I often "sit" on photos I've created for a long time. (Of course not literally, that would be weird.) There are many reasons for this. But one of them is it's like I have to convince myself that other people will like something I really like. I know that's the wrong attitude to have, because 1) everyone can't like everything I create, and 2) it shouldn't matter.
So this image, which I titled "Into the Morning Mist" was delayed for the reason above, plus I'm often too emotionally caught up in some images, so I need to give them space to stand on their own two feet, so to speak. (And I forget about them, too. Out of sight....) This image was taken on vacation in New Zealand almost a year ago. It's originally a color film photograph, but I feel the mood is better translated in b&w. I decided this afternoon that I like it, I liked it 10 months ago, and it doesn't matter if others don't. I'm getting out of the way of my own creativity.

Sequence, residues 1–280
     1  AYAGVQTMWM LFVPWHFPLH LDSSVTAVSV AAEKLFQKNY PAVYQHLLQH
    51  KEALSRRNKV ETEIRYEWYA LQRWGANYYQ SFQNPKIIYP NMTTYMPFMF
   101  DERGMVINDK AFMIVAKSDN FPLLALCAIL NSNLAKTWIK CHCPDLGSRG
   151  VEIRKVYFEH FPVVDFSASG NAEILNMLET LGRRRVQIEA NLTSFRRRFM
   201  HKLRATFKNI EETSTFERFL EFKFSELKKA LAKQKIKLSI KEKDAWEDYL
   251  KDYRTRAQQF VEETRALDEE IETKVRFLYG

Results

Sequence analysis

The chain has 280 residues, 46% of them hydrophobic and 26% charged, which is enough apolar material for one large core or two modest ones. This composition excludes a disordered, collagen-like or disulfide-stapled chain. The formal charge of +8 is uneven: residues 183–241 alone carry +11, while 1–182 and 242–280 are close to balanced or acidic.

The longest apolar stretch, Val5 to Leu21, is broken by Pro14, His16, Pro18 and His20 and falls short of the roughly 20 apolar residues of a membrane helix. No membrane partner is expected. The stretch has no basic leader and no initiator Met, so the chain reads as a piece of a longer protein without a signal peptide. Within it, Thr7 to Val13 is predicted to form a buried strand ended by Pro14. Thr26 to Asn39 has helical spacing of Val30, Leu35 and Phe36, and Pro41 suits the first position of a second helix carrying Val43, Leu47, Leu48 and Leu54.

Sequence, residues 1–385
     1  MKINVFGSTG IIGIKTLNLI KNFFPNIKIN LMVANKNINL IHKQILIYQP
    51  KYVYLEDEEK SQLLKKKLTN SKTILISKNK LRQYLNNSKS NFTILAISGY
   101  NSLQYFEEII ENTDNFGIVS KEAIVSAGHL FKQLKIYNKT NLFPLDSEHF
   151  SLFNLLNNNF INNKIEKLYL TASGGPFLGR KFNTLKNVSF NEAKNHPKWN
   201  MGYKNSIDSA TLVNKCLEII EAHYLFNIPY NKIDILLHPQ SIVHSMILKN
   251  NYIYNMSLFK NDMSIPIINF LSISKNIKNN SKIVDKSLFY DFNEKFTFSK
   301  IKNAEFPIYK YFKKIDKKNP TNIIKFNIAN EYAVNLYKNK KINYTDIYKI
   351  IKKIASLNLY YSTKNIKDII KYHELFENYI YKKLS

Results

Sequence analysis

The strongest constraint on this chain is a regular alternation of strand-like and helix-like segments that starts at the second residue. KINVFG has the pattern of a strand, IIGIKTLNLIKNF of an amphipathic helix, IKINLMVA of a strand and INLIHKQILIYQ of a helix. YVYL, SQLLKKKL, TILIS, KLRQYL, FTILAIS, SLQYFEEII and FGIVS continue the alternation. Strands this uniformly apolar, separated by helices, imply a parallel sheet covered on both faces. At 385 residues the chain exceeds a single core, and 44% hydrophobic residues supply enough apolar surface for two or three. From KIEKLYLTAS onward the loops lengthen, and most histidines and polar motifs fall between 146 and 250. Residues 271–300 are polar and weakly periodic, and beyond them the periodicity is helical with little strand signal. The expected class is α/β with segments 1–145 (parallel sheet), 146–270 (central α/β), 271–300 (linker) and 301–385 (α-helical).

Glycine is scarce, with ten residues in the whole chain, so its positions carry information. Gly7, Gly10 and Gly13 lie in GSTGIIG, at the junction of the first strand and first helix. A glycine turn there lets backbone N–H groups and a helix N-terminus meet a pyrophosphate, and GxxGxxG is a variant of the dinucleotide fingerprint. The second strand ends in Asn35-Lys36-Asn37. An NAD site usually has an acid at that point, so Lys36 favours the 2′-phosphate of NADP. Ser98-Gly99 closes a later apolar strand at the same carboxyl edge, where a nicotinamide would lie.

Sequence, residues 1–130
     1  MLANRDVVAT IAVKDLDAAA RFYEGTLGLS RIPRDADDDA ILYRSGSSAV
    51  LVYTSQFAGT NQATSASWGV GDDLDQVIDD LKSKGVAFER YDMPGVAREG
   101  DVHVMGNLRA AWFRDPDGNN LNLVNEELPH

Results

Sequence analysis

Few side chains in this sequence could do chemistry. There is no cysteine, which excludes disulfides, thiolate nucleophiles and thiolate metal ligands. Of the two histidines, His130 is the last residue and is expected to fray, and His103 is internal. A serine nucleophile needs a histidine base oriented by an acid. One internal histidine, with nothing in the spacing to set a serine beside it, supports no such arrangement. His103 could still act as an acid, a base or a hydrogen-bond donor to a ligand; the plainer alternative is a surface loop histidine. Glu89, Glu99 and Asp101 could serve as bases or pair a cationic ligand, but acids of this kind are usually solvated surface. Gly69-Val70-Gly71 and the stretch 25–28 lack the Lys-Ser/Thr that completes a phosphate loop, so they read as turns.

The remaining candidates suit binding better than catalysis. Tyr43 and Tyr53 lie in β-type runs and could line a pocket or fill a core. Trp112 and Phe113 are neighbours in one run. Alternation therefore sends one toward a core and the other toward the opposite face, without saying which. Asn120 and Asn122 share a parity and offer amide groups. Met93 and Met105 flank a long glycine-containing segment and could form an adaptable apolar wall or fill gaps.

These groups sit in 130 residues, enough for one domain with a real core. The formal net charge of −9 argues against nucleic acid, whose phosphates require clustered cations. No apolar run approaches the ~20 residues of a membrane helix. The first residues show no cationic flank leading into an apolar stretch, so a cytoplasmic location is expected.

"Get out of your way and just create."
I was listening to a photography podcast recently put on by Justin Balog and Armando Martinez of The Photo Frontier (a great photographic community, by the way), and Armando said that get out of your way quote. It really resonated with me, because I know I overthink some things when it comes to choosing what photographs I put out into the world, like will people think this is weird, or awful, or not pretty like my usual nature photography, or not like it because it's in black and white, or <insert your favorite excuse here>. But I really have to listen to the advice I'd give someone else if they were expressing these thoughts to me — f*&^ it, cause you can't please everyone.
This same struggle must happen with writers, painters, sculptors, really anyone who creates something, hobbyists and professionals alike. I can't be alone in this, right?